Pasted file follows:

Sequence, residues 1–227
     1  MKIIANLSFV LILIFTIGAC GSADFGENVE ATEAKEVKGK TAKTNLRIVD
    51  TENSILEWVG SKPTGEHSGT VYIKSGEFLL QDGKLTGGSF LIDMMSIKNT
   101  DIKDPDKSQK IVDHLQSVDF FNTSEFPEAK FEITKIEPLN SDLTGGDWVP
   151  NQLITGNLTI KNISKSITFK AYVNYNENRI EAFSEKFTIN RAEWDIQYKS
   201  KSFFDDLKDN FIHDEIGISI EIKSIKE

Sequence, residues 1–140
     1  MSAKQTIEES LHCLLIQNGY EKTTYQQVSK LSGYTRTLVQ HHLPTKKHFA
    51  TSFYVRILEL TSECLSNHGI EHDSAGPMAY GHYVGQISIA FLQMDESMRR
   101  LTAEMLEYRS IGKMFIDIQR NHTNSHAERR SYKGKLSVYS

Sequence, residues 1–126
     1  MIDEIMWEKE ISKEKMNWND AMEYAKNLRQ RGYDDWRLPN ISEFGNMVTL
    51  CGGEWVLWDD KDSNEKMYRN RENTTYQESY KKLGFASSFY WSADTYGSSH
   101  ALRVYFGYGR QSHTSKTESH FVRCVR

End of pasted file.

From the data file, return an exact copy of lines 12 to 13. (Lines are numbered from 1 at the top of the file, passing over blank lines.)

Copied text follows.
     1  MIDEIMWEKE ISKEKMNWND AMEYAKNLRQ RGYDDWRLPN ISEFGNMVTL
    51  CGGEWVLWDD KDSNEKMYRN RENTTYQESY KKLGFASSFY WSADTYGSSH